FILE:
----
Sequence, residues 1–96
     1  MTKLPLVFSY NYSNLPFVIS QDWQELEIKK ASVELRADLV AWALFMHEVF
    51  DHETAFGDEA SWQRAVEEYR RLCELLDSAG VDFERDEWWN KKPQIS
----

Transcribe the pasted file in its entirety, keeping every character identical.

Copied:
Sequence, residues 1–96
     1  MTKLPLVFSY NYSNLPFVIS QDWQELEIKK ASVELRADLV AWALFMHEVF
    51  DHETAFGDEA SWQRAVEEYR RLCELLDSAG VDFERDEWWN KKPQIS